Nutrient-rich foods are beneficial to everyone, but more so to groups that are vulnerable to micronutrient deficiencies. Further study involving epigenetic mechanisms to enhance crop nutritional content is desirable and necessary. It will allow us to better understand overall plant metabolism and consequently help us to improve upon human and animal health and well-being.

Improving pest and disease resistance in crops

Plant diseases and pests have been known to lay waste to entire harvests. The Irish potato famine of the 1840s caused by a simple fungus-like microorganism was so devastating it caused widespread starvation and forced many to uproot their families and leave the country 7. Western and Northern Africa are continuously invaded by swarms of locusts that destroy all kinds of vegetation in their path, often claiming large hectares of staple crops and devastating the economy of rural communities 8.

Some farmers employ pesticides to improve crop yield, yet pesticides come with a cost. The quality of the food is tainted by the chemicals and the environment endures contamination, not to mention, the harmful effects on human health after consumption. Instead of pesticides, plants could be epigenetically triggered to naturally fend off pests and disease, as many plants are known to adapt to their environment. In fact, some can produce natural defense compounds against herbivore attacks.

In a study investigating epigenetic mechanisms involved in plant defense response, in particular siRNAs, researchers found that tomato plant exposure to caterpillar herbivory triggered a chemical reaction. This defense response was then seen in future generations that had not been exposed to the pest 9. In a related study, Arabidopsis plants deliberately infected with benign bacteria were able to produce offspring that showed resistance or had immunity to the bacteria 10. While these findings imply that siRNAs may play a role in plant memory, they also demonstrate opportunity for use in other crops, especially those grown in areas with heavy pesticide use. Strategies to utilize these transgenerational plant memory responses could prove to be cost effective, better suited for the environment and lessen the need for GMOs to strengthen crop production.

What lies ahead?

Perhaps someday, we won’t need concerts to raise money to end hunger. A wonderful thought, I know. But, we do have the knowledge and we’re learning more each day on how to combat hunger and malnutrition by improving crop production. And, thanks to ongoing efforts, the science of epigenetics is proving to be a very promising route to explore. By naturally modifying plant gene expression without altering the genome, epigenetic processes could provide farmers better yields, higher quality food, and more stress tolerant crops. All of this is possible and would likely cost less, happen in a shorter time, and not be damaging to the environment. In the foreseeable future, I believe we shall see a strong presence of epigenetics, not only in crop improvement, but in food production, nutrition and human health. With more research, the field of epigenetics may bring to the table real results that will help to cover the growing food demand of the world.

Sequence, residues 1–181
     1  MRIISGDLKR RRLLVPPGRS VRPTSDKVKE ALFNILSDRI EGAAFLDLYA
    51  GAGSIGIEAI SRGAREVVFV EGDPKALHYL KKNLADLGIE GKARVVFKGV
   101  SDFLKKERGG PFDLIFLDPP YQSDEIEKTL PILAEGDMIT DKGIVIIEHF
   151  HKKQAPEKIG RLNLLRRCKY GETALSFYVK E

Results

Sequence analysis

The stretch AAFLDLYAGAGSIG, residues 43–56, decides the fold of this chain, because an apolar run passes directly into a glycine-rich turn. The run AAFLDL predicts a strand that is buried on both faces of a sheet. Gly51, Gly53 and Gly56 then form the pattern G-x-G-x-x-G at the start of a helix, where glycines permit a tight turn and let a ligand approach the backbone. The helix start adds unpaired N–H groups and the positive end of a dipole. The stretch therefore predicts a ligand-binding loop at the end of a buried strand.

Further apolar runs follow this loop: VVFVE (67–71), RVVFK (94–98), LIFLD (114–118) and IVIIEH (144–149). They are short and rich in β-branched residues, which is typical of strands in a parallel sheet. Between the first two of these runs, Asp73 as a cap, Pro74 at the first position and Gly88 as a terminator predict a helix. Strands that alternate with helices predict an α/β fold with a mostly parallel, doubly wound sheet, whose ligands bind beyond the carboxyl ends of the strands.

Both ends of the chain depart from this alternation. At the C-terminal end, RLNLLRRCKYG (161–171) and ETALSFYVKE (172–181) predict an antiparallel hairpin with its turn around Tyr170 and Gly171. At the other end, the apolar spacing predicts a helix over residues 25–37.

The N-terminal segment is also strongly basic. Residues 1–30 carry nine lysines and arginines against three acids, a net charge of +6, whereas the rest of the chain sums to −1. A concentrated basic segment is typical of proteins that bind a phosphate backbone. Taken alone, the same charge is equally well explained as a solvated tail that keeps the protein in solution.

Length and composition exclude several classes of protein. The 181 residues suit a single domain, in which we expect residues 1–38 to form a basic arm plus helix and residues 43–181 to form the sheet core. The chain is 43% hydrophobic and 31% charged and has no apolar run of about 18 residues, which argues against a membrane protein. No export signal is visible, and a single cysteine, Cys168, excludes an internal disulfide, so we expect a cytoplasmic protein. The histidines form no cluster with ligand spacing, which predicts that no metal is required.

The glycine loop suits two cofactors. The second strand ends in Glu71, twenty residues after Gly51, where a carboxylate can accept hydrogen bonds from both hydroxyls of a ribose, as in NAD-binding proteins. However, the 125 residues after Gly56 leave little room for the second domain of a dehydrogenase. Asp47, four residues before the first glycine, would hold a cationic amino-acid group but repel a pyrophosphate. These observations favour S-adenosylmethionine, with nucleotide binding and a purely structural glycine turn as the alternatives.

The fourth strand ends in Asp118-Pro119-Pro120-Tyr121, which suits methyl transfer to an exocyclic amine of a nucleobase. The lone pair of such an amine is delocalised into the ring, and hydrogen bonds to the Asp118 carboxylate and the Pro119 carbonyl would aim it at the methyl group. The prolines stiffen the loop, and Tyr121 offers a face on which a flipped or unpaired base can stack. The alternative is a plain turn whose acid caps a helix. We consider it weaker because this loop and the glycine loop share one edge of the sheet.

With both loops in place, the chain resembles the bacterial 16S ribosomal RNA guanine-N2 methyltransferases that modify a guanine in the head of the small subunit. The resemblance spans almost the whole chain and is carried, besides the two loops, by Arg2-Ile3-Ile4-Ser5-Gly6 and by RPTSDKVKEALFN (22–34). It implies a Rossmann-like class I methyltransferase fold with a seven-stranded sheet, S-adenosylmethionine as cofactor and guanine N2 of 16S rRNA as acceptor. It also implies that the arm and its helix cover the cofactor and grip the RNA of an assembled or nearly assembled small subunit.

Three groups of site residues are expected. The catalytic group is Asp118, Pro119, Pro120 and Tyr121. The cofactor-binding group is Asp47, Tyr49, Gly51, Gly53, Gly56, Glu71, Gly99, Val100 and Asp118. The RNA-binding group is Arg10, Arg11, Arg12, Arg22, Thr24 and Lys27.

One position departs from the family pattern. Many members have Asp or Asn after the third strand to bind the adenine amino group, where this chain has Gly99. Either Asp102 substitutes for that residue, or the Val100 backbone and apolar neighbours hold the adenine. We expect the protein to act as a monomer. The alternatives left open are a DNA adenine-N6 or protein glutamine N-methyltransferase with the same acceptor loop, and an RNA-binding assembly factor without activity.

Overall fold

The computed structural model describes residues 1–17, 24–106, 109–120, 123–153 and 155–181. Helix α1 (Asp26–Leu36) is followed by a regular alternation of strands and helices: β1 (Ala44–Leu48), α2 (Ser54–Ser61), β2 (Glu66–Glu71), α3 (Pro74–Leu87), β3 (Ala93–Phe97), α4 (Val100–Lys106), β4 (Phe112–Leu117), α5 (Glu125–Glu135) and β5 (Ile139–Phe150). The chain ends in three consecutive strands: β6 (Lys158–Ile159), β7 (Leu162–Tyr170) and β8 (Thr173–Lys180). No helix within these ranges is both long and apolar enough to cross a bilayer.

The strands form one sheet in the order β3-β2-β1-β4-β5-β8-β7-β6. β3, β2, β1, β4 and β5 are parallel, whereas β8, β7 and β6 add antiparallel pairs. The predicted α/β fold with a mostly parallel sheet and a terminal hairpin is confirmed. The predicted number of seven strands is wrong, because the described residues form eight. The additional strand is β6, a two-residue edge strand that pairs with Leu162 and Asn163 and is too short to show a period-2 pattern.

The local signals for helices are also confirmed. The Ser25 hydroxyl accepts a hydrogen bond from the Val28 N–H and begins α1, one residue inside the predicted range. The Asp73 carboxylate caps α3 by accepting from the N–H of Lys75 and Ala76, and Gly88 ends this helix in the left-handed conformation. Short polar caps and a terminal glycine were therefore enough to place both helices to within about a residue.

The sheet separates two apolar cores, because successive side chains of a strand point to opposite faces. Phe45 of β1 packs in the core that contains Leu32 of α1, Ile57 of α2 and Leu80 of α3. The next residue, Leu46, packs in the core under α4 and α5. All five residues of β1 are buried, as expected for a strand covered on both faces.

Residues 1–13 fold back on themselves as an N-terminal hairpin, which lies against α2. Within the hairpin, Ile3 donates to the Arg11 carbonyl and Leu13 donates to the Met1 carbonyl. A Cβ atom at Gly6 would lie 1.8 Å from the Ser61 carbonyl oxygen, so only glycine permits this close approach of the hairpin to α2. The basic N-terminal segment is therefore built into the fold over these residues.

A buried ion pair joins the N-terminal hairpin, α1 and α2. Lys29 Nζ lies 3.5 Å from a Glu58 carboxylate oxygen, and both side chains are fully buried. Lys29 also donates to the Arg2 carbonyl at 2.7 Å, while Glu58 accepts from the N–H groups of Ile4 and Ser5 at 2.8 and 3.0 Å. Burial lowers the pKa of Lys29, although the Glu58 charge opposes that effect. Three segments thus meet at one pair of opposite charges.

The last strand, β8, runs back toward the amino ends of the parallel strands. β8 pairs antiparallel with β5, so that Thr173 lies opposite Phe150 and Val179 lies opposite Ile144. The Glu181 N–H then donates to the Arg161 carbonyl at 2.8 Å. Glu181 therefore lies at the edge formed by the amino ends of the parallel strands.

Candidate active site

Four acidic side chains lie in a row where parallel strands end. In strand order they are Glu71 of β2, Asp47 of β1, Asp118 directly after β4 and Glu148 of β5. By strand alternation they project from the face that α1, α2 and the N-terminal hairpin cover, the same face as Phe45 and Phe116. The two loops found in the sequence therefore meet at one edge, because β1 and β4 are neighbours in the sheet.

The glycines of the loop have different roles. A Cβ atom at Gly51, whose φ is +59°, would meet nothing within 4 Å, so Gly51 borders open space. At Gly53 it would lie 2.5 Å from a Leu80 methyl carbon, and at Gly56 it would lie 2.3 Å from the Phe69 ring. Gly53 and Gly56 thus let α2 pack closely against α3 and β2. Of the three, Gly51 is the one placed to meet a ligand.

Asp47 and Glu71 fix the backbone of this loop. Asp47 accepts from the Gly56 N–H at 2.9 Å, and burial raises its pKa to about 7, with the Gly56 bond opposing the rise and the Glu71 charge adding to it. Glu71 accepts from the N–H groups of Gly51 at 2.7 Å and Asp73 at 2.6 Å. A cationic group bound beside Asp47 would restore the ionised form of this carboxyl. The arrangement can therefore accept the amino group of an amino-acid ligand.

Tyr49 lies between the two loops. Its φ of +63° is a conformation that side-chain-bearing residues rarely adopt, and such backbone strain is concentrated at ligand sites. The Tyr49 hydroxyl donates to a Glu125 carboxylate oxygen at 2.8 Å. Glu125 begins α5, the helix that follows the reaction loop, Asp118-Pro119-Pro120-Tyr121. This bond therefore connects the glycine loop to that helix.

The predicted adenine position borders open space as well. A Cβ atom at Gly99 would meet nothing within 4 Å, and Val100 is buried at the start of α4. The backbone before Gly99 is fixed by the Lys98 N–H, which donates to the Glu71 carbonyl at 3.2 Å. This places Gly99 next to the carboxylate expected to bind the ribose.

Show 10 footnotes

  1. Manavalan, LP. et al. (2012). RNAi-mediated disruption of squalene synthase improves drought tolerance and yield in rice. J Exp Bot., 63: 163–175.
  2. Jasa, L. Nebraska: Plant Scientists Hoping to Utilize Epigenetics. 2 Jan 2013. Web.
  3. Worldwatch Institute. Crop Yields Expand, but Nutrition Is Left Behind. 2013. Web.
  4. International Service for the Acquisition of Agri-biotech Applications (ISAAA). The Ideal Diet: Sufficient and Balanced. Pocket K No. 27: Biotechnology and Biofortification. 2015. Web.
  5. Samaniego-Vaesken, M. et al. (2012). Vitamin food fortification today. Food Nutr Res., 56, 10.3402/fnr.v56i0.5459.
  6. Angaji, SA. et al. (2010). Application of RNA interference in plants. Plant Omics Journal, 3:77-84.
  7. Wikipedia. Great Famine (Ireland). Web.
  8. United Nations Environment Program. Pests and invasive species in Africa. The Encyclopedia of Earth. 13 Apr 2007. Web.
  9. Coombs, A. Plants have a memory of pests that spans generations. Ars Technica. 29 Feb 2012. Web.
  10. Rasmann, S. et al. (2012). Herbivory in the Previous Generation Primes Plants for Enhanced Insect Resistance. Plant Physiol., 158(2): 854-863.